Recently, Unathi Msengana confirmed that she and husband, Thomas Msengana, are no longer together in an interview on E-NCA with Ayanda Allie-Paine.
It was no surprise to many, as speculations were making all the buzz for some time about her “marriage [being] on the rocks,” according to Daily Sun in an article claiming “Unathi and her husband Thomas ‘Bad Boy T’ Msengana are rumoured to be heading for divorce. One of the reasons for the alleged trouble in paradise is Unathi allegedly cheating on her husband.”
That said, Unathi was calm and graceful about what she confirmed in the interview. It is thus, the basis of what she said that led me to write this piece.
Among other things, Unathi spoke about the newspaper speculative reports, which she called false saying “I think we get to a point where we feel like we have to share our private lives.” Speaking about her marriage in relation to navigating being public figures, she said; “We are people who have never used our family for a PR campaign.”
Ayanda asked Unathi if she thought the “it couple” sensation and exaggerated interest on her marriage was due to her and husband’s public figure status, to which she replied, “We’ve never been that kind of couple though.” Their back and forth made me nostalgic of my time in University studying Media Studies, and in one class, delving into “The dumbing down of journalism: Tabloids.” Now, with the addition of social media, I don’t even know how low the dumbing has gone because these days, newspapers aren’t embarrassed to screen-grab tweets, caption them and call that an article.
Needless to say, as soon as the channel posted the interview on the internet, #unathidivorce started trending like Easter Eggs on Easter.
You will remember that Unathi has had her bout in a Twitter boxing ring. The debacle with a Twitter follower in 2015 ultimately threatened her bread and butter as Metro FM suspended her. What followed was a public apology from the passionate Radio DJ and musician, and whatever was between the lines of her apology was clear anger, disappointment and ‘joys’ of having to be the bigger person.
Now, in 2017, there are obviously different arguments about her divorce; the first being those who have turned it into a joke. One went as far as saying “Badboy T gave unathi a shot in radio now she’s bigger than him she’s leaving him. These whores ain’t loyal udlwe umjita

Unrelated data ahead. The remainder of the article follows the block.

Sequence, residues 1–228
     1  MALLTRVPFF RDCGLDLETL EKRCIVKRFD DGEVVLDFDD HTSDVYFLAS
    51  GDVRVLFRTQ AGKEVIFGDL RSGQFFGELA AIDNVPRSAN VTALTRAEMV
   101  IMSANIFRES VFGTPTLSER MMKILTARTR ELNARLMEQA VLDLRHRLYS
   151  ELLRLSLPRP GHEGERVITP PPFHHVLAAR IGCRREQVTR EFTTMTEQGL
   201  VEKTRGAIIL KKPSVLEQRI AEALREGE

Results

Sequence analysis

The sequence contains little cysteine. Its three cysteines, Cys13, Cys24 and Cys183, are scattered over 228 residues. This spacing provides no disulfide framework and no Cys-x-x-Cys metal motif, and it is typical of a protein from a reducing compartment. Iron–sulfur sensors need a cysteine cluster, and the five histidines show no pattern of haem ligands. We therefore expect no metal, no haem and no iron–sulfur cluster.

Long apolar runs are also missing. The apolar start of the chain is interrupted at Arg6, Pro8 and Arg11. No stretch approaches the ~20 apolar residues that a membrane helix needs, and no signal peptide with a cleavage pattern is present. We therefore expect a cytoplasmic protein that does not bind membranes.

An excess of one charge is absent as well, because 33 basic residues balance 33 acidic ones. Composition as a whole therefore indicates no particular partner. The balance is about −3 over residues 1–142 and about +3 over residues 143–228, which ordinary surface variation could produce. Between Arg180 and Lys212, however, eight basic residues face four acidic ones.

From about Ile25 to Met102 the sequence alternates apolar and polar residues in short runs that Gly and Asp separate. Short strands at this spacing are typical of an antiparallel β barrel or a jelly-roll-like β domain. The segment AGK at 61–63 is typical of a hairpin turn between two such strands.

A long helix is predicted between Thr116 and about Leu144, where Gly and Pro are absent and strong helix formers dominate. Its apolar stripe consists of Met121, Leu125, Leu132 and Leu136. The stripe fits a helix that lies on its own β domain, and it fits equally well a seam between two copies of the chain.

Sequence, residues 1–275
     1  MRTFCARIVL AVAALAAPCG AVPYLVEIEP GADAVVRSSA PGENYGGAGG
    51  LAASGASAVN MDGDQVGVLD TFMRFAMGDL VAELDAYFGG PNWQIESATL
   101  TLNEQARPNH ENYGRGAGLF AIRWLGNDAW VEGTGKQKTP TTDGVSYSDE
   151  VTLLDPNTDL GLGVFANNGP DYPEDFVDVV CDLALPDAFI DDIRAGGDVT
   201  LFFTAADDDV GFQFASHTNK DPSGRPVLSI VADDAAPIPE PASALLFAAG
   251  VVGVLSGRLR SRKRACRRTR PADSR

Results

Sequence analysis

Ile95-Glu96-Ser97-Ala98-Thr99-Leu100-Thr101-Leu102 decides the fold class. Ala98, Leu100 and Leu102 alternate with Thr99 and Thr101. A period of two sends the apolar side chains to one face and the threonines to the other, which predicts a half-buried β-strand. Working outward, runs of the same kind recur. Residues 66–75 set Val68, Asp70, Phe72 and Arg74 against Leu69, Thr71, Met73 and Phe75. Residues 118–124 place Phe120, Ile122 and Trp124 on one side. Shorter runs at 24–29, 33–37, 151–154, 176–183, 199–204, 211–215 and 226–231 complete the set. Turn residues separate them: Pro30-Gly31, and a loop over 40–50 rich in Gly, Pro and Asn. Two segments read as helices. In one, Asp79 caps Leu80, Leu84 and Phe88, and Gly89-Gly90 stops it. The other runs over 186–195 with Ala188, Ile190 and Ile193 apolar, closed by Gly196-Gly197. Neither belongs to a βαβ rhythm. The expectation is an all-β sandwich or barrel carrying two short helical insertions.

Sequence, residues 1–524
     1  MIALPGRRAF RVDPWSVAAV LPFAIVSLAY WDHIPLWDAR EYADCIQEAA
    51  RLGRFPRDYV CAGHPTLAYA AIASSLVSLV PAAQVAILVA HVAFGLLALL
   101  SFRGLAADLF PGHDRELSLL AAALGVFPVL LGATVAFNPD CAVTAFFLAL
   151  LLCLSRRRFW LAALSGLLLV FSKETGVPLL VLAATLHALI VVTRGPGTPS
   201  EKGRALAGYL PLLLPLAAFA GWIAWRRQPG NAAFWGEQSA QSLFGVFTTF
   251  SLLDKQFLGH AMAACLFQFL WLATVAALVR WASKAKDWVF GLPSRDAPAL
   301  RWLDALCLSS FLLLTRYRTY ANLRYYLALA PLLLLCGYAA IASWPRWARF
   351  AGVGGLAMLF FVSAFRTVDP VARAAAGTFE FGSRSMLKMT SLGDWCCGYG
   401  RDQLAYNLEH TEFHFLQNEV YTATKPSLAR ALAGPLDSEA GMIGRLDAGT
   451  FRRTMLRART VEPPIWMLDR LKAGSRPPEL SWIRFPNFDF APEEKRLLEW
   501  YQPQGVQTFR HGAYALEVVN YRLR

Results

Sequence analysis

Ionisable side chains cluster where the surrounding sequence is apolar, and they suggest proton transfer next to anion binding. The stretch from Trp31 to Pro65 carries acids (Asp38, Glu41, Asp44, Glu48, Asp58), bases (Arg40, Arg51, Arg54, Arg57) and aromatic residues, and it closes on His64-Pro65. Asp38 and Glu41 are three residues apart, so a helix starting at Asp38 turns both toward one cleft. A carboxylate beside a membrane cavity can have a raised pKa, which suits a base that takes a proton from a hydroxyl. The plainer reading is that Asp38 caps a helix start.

#UnathiDivorce” Others who also shared negative comments about it were “LOLing” and “LMAOing” about how her tears on idols were because of the divorce. I can’t help but ask myself; when did divorce become a joke? When did those who have or are divorced parents forget its effects? And, why are we so hell-bent on laughing at Unathi even though she, with the utmost class, shared information we didn’t even deserve?
The other side of the spectrum is the one that is sensationally throwing the towel on love, alluding to the fact that Zwai and Melanie Bala are also divorcing, as well as Precious Kofi and her husband. In these sentiments, I find a very dangerous association of love only with a partner, which is not true because divorce can also be an act of self-love as well as love for the other person, enough to let them go to where they will be happiest. I also believe love is unattainable when paralleled only with who we think is an “it couple.” We are obviously duped in the #loveliveshere phenomenon of instant gratification, that we seek examples of what love should look like, as opposed to what love should feel like. Some couples do invite the pedestal (which comes with public opinion), and some couples don’t. But, what I am saying is whether it is AKA and Bonang or just plain irrelevant me with my boyfriend, relationships have the same fundamental dynamics and all go through rough patches – moments never captured on Instagram; so, focus on your relationship; let people divorce, damn!
Latly, the Tweets I personally loved were the ones which seemed concerned about how Unathi was holding up. I think that’s all that matters. How is she and how is her heart… Ultimately, Unathi has a wholesome album, a banging body after two children (already an inspiration to moms wanting to get back on shape) and other things. I don’t know her personally but from her work, she continues to embody an African woman who is not afraid of her truth; who stands in and with it. Of course, we will not agree with all of her views because we all come from different walks of life and think differently. Like dust, she continues to rise. I hope we learn to cut each other some slack some day, soon.